Photo: Flickr/Mari Smith
Given how much time the average person spends at work, why should we spend it fighting with our software tools?Asana co-founders Justin Rosenstein and Dustin Moskovitz say you shouldn’t. And they are leading the charge to make enterprise software sexy again.
Rosenstein and Moskovitz hail from Facebook (Moskovitz as co-founder and Rosenstein as one of its top programmers).
Their startup, Asana, is a Web tool that helps groups manage projects. It’s free for groups with less than 30 people, but their premium version is aimed at enterprises.
“Historically software for business was seen as unsexy because the products were seen as so poor — they provided such a poor user experience,” Rosenstein says.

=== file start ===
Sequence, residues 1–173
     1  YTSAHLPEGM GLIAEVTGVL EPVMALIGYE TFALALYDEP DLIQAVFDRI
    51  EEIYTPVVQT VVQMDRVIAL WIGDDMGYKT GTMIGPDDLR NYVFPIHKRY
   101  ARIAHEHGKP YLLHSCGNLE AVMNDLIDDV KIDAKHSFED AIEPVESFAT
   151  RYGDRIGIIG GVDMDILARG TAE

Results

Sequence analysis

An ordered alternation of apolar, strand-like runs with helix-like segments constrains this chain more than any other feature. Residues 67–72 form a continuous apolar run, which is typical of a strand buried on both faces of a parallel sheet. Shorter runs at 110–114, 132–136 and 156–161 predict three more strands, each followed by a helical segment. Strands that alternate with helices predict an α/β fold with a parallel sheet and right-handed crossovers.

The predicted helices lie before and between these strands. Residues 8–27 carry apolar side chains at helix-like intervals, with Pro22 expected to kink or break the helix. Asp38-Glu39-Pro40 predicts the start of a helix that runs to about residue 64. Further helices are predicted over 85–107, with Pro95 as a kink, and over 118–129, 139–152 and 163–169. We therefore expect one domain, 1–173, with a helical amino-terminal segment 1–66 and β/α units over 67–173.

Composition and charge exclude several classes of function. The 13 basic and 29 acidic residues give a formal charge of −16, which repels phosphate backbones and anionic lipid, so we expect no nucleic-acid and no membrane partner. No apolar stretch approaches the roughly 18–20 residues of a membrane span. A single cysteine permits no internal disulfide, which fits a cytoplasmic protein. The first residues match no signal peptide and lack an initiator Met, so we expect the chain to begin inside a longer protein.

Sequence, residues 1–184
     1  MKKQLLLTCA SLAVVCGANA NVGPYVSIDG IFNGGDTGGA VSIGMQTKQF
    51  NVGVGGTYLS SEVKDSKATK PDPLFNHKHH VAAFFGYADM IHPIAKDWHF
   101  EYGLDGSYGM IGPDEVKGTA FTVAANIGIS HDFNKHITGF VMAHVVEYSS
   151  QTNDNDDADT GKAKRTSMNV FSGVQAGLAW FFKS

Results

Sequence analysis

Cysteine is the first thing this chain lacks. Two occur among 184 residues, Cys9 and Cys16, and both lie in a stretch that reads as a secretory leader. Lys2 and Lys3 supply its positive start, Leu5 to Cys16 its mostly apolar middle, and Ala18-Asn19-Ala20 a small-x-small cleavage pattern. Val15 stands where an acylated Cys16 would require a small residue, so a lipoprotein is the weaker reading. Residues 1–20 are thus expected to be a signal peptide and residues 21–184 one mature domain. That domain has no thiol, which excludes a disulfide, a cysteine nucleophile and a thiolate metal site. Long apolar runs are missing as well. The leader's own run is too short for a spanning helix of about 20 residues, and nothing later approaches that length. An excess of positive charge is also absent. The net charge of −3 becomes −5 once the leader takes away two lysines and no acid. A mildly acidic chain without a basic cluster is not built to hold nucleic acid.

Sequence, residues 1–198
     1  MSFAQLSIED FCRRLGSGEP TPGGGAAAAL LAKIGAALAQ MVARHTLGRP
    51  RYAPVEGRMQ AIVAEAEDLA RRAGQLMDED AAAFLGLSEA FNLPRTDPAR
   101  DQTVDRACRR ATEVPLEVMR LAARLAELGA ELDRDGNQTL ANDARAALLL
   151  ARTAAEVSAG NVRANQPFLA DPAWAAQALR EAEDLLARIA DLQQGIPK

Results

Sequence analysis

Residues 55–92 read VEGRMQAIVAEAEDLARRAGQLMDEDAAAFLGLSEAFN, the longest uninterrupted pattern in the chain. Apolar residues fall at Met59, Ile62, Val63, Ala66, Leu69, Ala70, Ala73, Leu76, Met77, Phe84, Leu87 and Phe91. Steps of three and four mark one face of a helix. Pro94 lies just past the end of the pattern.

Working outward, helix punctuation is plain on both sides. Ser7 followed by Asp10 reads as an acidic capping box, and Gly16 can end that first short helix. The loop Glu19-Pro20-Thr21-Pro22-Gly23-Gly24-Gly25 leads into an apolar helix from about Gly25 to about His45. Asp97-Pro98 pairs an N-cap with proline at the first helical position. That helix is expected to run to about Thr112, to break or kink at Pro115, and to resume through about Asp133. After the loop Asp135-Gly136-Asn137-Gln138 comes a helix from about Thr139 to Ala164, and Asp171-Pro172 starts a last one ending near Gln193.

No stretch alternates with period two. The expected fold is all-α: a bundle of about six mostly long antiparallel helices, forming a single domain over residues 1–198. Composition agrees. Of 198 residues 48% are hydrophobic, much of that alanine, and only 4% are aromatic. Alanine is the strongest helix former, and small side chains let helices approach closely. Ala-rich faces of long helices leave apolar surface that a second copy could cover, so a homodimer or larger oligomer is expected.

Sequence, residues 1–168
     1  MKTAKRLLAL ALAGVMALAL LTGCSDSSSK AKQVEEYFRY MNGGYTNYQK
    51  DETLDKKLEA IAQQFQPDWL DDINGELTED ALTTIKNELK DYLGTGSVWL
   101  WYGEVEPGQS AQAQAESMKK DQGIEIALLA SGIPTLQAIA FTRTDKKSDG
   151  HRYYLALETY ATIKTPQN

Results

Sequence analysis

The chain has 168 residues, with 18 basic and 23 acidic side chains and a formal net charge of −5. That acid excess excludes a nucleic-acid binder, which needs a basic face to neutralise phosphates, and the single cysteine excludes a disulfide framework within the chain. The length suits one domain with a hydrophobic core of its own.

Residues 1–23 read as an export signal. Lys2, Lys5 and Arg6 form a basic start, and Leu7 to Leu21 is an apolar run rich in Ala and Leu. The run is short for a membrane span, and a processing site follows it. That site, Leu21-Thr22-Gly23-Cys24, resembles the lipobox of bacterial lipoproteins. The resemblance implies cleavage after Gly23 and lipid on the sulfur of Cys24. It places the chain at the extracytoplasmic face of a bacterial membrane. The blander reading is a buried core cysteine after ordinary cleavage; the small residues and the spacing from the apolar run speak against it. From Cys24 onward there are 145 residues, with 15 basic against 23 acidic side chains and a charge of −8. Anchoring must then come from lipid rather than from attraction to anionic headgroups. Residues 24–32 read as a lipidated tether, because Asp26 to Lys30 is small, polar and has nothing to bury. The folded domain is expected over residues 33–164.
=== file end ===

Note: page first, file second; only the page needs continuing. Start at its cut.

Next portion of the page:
Asana is bringing all the design skills used in consumer software, like Facebook, to their tool. (Here’s a peek at Asana)
The problem, as Rosenstein sees it, is that enterprise software is sold to the CIO — not to the people who would then be forced to use it.
“That leads to the company with the best sales team — rather than the best software — winning deals,” he says. “These days there’s a trend where people can just decide what tools they want to use. So we are entering a world where the best software wins.”
In fact, Asana’s entire sales strategy is to get workgroups to pick it and when enough people are using it, IT will come calling to upgrade.
Asana isn’t alone. Tons of tools are coming into the business through the employee backdoor: Yammer, Dropbox, Prezi …
“There’s more excitement in the past few years about consumer software but people are starting to see that beautifully designed software that helps people achieve their work goals is incredibly sexy,” says Rosenstein.